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» »Unlabelled » Book of Enoch The Book for the Final Generation

Analysis of the Book of Enoch

As anyone who's read the Pearl of Great Price (specifically the Book of Moses) knows, Enoch, great-grandfather of Noah, is a far more significant figure in the Church of Jesus Christ of Latter-day Saints than in most other Christian churches (where his entire description runs to four verses in Genesis 5 and one attributed quote in Jude 1:14-15; in contrast, we have two chapters of prophesy attributed to him). I say most, because there's one exception: the Ethiopian Orthodox Church, who have a version of the Book of Enoch in their canonical scriptures.

This is the book which was quoted by Jude, or at least it includes Jude's quote. According to scholars, it was written around 300 BC, which makes it pseudoepigraphical (literally a "false inscription"), as that's rather later than Enoch's dates. However, there's no reason why it couldn't be based on earlier oral tradition. So I'm going to do an analysis of it.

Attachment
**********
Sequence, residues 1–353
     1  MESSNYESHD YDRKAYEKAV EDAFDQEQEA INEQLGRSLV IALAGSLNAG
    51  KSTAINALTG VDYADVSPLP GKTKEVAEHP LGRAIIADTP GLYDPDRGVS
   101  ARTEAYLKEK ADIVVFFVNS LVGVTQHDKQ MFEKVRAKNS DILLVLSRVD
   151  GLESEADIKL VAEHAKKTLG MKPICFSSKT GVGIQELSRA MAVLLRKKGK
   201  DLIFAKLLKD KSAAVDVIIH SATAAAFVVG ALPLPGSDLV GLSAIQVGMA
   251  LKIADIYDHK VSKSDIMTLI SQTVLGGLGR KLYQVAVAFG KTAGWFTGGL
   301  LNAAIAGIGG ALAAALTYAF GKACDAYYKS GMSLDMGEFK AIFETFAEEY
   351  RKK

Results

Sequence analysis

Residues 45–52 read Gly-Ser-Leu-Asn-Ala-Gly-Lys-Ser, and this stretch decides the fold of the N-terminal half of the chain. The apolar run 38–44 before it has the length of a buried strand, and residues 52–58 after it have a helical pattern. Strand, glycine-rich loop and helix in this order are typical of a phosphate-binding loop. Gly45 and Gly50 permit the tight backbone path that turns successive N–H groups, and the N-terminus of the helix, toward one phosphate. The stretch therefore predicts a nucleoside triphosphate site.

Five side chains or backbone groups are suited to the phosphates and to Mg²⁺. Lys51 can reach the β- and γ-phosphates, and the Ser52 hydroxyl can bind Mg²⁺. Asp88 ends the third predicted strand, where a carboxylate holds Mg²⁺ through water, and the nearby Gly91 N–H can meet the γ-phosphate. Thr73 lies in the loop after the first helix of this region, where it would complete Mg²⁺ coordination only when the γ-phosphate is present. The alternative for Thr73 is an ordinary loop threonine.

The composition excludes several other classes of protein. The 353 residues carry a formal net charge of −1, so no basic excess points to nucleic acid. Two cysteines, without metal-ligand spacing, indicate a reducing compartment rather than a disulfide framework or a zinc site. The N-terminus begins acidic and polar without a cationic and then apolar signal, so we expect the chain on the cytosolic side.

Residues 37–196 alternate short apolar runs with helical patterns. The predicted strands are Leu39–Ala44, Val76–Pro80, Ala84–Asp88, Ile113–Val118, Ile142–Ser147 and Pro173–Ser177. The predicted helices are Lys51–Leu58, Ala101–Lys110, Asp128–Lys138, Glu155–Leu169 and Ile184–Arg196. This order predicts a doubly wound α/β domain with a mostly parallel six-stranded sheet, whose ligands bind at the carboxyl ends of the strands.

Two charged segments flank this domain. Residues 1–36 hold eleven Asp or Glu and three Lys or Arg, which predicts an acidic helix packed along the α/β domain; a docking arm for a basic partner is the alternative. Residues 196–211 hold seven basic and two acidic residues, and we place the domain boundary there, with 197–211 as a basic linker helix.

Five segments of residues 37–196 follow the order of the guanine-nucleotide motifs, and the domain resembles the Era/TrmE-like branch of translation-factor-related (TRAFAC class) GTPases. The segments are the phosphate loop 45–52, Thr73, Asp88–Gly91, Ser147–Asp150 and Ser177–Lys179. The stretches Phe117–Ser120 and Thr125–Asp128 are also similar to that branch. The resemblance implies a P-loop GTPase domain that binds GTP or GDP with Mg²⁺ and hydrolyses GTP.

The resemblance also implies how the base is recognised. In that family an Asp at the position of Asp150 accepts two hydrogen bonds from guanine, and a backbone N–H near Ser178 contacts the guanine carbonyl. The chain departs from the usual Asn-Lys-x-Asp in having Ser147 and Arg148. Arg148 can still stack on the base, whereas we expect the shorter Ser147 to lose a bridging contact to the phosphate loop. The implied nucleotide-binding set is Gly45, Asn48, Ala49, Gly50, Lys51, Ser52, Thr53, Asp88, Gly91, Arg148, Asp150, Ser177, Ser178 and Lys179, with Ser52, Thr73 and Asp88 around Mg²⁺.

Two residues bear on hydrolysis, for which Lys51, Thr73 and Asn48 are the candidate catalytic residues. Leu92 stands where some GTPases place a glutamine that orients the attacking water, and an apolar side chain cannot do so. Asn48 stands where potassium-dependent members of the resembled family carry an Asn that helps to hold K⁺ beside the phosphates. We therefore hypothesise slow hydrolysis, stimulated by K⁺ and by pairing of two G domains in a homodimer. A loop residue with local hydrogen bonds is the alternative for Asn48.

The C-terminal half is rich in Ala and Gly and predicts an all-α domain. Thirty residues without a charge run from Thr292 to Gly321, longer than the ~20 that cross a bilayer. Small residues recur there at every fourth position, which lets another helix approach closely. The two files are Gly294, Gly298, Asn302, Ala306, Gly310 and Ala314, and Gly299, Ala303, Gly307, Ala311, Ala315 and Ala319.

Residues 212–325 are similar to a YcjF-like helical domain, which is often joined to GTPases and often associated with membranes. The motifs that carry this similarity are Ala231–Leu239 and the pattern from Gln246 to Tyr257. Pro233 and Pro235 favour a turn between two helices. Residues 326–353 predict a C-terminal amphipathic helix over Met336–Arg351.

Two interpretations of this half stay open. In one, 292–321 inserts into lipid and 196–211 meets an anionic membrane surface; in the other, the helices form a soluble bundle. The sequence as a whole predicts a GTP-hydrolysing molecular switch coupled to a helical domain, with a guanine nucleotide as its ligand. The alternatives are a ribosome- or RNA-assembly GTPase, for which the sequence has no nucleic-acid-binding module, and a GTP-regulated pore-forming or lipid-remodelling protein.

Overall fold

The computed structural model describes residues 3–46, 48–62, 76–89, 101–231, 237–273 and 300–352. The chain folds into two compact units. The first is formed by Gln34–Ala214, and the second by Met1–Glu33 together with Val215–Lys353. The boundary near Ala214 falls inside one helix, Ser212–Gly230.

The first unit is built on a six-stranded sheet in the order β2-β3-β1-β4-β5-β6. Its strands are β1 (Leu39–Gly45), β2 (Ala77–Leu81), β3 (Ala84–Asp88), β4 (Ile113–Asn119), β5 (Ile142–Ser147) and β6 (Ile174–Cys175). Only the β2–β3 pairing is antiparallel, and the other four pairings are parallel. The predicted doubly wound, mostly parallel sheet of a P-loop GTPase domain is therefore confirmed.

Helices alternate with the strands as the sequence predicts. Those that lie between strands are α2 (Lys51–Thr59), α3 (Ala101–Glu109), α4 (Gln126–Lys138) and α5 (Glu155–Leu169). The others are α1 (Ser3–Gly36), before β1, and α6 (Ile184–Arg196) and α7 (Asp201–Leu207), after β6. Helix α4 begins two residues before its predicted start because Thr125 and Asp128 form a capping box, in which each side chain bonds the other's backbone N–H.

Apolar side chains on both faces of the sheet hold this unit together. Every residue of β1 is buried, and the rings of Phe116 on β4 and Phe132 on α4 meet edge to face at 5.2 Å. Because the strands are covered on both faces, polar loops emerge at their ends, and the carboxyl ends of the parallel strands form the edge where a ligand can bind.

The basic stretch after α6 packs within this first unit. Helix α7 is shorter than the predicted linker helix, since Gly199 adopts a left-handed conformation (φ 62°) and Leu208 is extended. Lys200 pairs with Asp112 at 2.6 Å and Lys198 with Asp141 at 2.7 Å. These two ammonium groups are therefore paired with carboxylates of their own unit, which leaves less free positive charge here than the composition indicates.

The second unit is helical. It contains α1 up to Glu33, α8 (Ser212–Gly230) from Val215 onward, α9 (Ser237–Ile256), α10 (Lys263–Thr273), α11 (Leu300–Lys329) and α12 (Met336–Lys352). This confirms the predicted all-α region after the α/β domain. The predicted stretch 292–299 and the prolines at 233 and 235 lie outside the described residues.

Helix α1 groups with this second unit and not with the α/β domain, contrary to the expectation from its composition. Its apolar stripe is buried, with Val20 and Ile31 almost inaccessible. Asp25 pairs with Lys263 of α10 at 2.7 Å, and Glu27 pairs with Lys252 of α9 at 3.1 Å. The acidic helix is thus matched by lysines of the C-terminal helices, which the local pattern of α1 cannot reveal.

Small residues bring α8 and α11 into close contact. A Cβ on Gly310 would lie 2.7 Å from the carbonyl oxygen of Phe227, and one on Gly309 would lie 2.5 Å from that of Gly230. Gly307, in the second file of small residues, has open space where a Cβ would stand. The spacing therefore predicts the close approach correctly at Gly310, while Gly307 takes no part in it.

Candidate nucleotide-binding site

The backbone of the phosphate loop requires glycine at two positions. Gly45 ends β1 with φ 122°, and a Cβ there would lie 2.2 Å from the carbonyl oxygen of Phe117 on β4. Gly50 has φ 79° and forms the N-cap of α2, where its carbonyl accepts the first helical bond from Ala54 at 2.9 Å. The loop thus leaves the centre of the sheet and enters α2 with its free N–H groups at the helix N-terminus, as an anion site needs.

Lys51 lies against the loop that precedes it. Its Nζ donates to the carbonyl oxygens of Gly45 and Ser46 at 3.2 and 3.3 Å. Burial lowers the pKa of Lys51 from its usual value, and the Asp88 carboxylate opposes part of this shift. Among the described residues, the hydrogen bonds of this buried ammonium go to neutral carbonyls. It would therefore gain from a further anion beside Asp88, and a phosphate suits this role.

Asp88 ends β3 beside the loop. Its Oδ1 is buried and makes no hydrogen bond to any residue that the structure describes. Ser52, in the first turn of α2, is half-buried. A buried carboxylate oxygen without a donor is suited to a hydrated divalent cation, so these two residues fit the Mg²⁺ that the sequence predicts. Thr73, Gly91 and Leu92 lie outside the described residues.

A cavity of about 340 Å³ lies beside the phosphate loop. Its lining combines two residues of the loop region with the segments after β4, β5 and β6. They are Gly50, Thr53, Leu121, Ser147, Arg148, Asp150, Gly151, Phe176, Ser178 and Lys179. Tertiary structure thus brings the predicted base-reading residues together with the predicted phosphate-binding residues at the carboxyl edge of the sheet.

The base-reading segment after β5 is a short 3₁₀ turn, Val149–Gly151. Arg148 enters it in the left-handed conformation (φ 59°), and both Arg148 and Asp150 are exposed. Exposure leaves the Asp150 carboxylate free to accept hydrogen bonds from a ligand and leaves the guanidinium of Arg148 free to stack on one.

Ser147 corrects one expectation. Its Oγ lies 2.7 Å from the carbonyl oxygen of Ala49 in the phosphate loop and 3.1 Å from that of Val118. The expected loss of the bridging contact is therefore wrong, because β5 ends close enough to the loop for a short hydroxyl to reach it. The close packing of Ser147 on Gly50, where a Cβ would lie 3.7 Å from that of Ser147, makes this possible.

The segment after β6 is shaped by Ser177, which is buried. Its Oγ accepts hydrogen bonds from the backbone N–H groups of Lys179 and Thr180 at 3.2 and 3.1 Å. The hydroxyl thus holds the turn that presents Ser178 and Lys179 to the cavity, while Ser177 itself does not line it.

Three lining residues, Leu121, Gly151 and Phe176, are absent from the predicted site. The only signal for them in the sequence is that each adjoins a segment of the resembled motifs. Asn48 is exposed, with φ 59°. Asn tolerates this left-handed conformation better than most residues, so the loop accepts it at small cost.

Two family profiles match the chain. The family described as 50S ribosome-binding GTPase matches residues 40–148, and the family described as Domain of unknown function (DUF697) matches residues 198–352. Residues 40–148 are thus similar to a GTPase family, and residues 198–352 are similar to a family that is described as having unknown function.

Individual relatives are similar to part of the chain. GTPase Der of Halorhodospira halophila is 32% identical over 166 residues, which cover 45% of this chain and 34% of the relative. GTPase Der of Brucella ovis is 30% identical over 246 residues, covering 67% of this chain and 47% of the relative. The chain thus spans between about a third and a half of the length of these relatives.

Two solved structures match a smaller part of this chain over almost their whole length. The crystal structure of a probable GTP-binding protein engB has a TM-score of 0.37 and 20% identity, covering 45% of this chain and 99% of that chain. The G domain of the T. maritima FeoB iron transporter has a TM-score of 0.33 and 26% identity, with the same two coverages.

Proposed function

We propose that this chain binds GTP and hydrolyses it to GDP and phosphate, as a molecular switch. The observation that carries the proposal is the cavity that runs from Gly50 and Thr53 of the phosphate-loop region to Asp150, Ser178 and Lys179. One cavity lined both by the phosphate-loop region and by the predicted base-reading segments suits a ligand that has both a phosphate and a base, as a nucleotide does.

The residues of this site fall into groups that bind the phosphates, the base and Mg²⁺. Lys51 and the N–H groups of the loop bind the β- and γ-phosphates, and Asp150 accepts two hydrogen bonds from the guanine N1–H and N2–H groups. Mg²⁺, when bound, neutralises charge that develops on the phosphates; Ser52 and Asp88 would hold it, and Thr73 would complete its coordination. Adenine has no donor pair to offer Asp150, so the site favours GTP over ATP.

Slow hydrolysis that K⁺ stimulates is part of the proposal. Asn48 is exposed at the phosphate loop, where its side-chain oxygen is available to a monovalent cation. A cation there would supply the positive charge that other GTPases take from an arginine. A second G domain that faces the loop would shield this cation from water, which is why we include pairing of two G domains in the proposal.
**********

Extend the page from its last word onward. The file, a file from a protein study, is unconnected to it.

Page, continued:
Not the whole thing, of course -- it runs to over a hundred chapters. I'm just going to look at the first section, the Book of the Watchers. In fact, I'm only going to do the first half of that -- the second half is Enoch's journeys through Earth and Sheol (which is variously rendered "hell" or "the grave"). But I'm still covering 16 chapters, so this will be a multi-part post.

I'll take my text from this web site, and probably won't quote it in its entirety; however, I'll link to each chapter as I go, so you know what I'm referring to. I'm not a fan of uncheckable references.

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Think for yourself” is probably the most important advice an educated person can hear. Unfortunately, its meaning has become ambiguous.
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